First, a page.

By Bob Evans
Who doesn’t just absolutely love Shakespeare? Go ahead, raise your hand. Well, that was me years ago when I was so afraid of Shakespeare, but Scott Cox’s Fringe show erases most everyone’s fears as he performs his semi-autobiographical piece, “And God Did Shake the Pear: Shakespeare for Everyday Living.”
Near capacity crowds have flocked to the Just Off Broadway Theatre for this Fringe Festival for the string of strong productions that scream “See Me.” Cox’s show makes people laugh as he tells his history from early days to his current work as a theatre instructor and his work in Lansing Correctional Facility, teaching Shakespeare to inmates.
“And God Did Shake the Pear” zeroes in on words–specifically Shakespeare’s words. Even though Scott Cox extolls the virtues and meaning behind The Bard’s words, when reviewing this piece, adequate words fail me.
Fringers already know the show’s quality because they hear others talking and recommending it at other Fringe shows. Suffice it to say, this show spotlights Cox and his ability to pen some incredible words. Those who fear Shakespeare need not hesitate to get tickets. You have no idea how many words or phrases you know and use that are attributed to the Bard. Cox helps you by reciting a string of them. He also recites some famous passages and help ease Shakespearean fears.
Cox recants how his introduction to Shakespeare’s verse coincides with most people–a high school reading of such classics as Romeo and Juliet or Julius Caesar–read by students who do not understand or especially appreciate verse. Cox even recites Romeo’s famous soliloquy from the balcony scene but as a street-wise thug type. Expect to laugh.
Shakespeare’s words never sounded better and the interaction with Cox as he moves into and out of his Shakespeare passages is fun, surprising, and comic. Cox even reads a telephone book in a Shakespearean manner. It’s a hoot.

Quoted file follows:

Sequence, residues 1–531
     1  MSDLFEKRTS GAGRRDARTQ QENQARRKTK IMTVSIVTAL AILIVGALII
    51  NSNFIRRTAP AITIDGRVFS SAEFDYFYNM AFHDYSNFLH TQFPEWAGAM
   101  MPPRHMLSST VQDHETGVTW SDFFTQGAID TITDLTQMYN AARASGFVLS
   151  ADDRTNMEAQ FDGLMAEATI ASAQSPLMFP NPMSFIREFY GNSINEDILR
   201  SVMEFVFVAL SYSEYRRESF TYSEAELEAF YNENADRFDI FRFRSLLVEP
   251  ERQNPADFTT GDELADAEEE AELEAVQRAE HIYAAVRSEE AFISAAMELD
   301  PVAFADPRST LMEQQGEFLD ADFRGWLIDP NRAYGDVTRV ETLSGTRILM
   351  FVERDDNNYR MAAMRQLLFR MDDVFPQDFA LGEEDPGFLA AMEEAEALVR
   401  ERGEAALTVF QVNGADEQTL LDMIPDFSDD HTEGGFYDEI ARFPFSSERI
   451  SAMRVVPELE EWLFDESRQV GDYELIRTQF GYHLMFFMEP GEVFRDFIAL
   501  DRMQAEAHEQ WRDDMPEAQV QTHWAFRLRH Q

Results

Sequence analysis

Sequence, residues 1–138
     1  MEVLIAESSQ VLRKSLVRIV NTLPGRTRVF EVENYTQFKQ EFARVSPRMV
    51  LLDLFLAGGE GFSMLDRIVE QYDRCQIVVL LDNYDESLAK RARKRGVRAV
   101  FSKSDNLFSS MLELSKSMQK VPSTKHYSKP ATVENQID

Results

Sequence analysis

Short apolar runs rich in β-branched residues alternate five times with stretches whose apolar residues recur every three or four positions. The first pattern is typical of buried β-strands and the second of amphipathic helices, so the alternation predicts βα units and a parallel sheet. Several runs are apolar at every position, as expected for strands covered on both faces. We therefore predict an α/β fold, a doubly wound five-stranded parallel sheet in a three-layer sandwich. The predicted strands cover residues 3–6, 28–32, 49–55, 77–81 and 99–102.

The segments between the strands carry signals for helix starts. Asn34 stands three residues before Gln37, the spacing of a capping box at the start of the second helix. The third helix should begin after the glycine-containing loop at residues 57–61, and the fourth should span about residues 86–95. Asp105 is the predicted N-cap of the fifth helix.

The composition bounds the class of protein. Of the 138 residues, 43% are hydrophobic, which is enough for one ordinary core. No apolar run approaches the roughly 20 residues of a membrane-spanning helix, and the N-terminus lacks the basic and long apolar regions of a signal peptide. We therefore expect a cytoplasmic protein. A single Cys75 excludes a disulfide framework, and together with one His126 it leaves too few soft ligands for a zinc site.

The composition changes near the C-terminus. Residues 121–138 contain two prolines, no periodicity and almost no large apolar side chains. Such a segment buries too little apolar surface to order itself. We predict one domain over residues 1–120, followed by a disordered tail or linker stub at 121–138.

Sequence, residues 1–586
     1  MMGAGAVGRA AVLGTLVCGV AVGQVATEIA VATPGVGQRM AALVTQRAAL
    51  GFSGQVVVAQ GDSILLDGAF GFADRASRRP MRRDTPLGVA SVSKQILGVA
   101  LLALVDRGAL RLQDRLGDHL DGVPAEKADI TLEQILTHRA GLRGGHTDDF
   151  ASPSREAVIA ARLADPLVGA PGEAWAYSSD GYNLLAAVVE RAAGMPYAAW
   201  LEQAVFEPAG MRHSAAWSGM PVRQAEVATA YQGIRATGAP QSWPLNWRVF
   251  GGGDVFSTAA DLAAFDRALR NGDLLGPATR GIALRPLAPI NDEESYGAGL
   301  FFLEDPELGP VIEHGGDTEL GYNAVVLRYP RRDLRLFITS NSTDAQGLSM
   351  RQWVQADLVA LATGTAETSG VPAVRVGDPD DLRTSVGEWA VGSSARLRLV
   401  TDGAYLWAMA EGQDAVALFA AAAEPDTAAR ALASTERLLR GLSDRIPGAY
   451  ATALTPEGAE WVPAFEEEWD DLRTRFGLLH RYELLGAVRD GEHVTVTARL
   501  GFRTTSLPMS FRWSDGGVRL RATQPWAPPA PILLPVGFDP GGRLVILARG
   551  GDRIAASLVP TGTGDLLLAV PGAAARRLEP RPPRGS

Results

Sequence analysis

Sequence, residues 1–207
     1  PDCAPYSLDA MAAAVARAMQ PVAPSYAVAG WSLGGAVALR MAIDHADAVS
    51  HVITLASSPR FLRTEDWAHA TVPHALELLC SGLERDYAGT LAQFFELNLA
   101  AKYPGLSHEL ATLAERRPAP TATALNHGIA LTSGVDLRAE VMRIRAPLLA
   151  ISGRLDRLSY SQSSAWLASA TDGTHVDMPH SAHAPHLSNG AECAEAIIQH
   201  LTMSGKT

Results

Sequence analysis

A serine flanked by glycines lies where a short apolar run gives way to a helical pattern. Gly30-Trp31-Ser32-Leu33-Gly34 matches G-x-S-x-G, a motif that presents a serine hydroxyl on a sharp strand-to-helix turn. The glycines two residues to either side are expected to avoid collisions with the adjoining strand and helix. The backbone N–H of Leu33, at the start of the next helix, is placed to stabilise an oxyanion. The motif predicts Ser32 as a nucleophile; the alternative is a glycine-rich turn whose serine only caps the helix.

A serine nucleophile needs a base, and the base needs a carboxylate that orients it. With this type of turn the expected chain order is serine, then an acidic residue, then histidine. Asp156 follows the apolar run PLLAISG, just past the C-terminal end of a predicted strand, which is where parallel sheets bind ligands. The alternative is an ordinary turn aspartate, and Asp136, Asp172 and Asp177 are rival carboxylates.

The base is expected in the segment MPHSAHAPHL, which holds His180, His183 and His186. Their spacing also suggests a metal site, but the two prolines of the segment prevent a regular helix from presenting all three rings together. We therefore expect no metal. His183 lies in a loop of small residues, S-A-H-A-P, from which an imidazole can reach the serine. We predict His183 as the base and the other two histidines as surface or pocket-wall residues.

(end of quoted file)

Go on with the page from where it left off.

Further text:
According to the Fringe website: “Dr. Scott Cox, founder and director of Living Shakespeare, a rehabilitative theatre program at Lansing Correctional Facility, believes that The Bard has answers to almost any question one can pose on the subject of life. In this solo performance, he combines the one-man-show he has been performing for twelve years with inspirational and humorous anecdotes from “inside the walls.” Prepare to be entertained, educated, and enlightened—and there may even be puppets. There will definitely be pears.”
As the show progresses, Cox tells his story of growing up, being introduced to theatre, and reads a passage from his PhD thesis about words, their importance, and Shakespeare. Interspersing personal passages between recited verse and commentary makes the performance personal, humorous, and insightful.
A high point of the show explains his stories about his development of the Living Shakespeare program at Lansing prison. Be advised the heart of the piece lies in Cox’s love of introducing people to Shakespeare.
While the show entertains, be prepared for the emotional journey through Cox’s life. And, by all means be ready to stand because he so rightly deserves a standing ovation. Even though his show deals with words, words fail me to prepare audiences for his performance.
“And God Did Shake the Pear” plays at the Just Off Broadway Theater with the final performance on Saturday (unless it wins the coveted Hangover Award for Best of Venue, thereby earning an extra performance on Sunday afternoon to compete for Best of Fringe).
To avoid shut out at the theatre, advance tickets insure your inclusion in this fantastic production. Tickets can be purchased online through the KC Fringe website.
Tags: KC Fringe Festival, Kansas City Theater, Kansas City Performing Arts, Kansas City Arts & Entertainment, “And God Did Shake the Pear: Shakespeare for Everyday Living”, And God Did Shake the Pear”, Just Off Broadway Theatre